Hardinfo – System Profiler and Benchmark

“How fast is my CPU compared to others?”

“How can I generate a summary of my system info?”

Hardinfo is a free, open source profiling and benchmarking program with an attractive GUI that generates reports about your system and performs benchmarks.


Suppose you have upgraded your CPU and you wish to know how it compares to other processors. How can you do that in Linux? Is there a way to compare one Linux system with another? Hardinfo features an easy-to-use GUI that helps answer these questions by providing a wealth of information about your system. You can perform benchmark tests and generate reports in HTML or plain text.

Hardinfo is available in the Ubuntu repository. Once installed, go to Applications > System Tools > System Profiler and Benchmark to run it.

Hardinfo showing the result of the CPU Blowfish benchmark.

“But I am using Windows.”

Not a problem. Assuming you have an Internet connection or the Hardinfo .deb package available, simply boot your system with an Ubuntu LiveCD and install Hardinfo. This allows you to profile and benchmark your system even if Linux is not installed.

“What kind of information is revealed?”

Hardinfo is divided into four categories: Computer, Devices, Network, and Benchmark. You can easily find out things such as the compiler used for your operating system, supported languages, PCI and USB info, address ranges used by hardware resources, network packet statistics, and the routing table – to name a few of the many choices available.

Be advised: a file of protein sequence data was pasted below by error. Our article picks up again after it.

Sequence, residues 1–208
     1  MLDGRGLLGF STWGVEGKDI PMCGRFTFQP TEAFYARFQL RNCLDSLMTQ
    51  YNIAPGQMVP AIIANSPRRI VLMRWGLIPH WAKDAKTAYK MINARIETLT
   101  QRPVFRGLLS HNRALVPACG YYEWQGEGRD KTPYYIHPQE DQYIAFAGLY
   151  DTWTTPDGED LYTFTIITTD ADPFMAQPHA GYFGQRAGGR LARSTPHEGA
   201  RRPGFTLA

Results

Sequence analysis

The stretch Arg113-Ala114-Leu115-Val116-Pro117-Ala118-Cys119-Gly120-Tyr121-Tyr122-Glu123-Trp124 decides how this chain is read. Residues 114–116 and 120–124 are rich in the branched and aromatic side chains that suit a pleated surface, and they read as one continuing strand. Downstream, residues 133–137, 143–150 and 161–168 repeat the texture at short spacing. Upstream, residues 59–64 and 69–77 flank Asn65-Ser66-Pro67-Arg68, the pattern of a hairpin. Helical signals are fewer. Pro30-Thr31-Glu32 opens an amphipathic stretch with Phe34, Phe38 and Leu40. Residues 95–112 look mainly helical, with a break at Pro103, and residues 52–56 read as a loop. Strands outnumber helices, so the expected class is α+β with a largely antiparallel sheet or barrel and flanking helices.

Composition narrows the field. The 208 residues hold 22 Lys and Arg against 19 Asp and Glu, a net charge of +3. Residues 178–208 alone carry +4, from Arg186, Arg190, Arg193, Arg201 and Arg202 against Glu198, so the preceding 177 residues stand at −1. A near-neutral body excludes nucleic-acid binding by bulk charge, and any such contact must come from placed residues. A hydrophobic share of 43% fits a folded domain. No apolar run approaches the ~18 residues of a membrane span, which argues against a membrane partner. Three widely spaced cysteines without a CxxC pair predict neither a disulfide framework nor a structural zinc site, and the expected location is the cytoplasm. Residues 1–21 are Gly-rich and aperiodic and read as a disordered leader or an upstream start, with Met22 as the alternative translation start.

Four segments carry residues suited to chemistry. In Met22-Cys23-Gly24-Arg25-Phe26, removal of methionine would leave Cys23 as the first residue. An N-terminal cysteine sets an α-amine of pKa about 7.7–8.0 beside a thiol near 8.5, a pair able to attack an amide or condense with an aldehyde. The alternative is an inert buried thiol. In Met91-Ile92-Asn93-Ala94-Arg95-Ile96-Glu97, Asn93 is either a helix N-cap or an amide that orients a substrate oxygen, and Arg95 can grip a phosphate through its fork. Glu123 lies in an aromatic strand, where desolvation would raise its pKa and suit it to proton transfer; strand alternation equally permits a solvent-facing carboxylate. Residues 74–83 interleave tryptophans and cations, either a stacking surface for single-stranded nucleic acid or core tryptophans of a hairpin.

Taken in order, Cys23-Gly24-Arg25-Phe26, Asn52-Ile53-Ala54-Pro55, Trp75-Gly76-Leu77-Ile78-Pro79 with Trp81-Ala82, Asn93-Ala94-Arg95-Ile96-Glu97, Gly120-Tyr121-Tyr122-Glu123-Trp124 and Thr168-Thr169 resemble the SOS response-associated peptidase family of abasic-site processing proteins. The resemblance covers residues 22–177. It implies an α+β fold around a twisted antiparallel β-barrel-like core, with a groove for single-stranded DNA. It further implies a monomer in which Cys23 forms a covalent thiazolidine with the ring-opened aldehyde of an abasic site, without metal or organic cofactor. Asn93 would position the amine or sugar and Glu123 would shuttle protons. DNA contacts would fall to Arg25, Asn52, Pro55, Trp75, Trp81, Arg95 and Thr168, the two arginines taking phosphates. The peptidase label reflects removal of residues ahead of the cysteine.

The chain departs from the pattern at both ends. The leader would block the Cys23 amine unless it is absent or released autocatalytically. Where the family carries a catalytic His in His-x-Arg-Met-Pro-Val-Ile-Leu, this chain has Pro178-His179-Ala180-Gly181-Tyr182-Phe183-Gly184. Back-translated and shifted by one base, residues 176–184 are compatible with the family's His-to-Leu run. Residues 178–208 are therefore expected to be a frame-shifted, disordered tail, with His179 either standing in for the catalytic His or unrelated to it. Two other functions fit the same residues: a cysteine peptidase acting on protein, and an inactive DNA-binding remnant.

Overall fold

The benchmark section provides six different benchmarks that measure CPU and FPU performance. Once the benchmark is complete, the result is displayed along with the results of other processors in a bar graph format that shows how your test result compares to others (both Intel and AMD). This is a useful way to find out the speed of a certain processor compared to yours before you buy.

Hardinfo must be updated (Information > Network Updater) with the latest test results in order to show more processors, and not every processor on the market is available for comparison. However, the information that is provided is usually plenty to get a good idea of the performance to expect from various processors.

Conclusion

Overall, this is a good program for quick benchmarking without any overwhelming technical fuss. Results are easy to understand and navigation through the program is simple. Anyone can use it and obtain understandable test results.

If you want to see your system’s information quickly and find out if your CPU is faster than your neighbor’s, then by all means, give Hardinfo a try.

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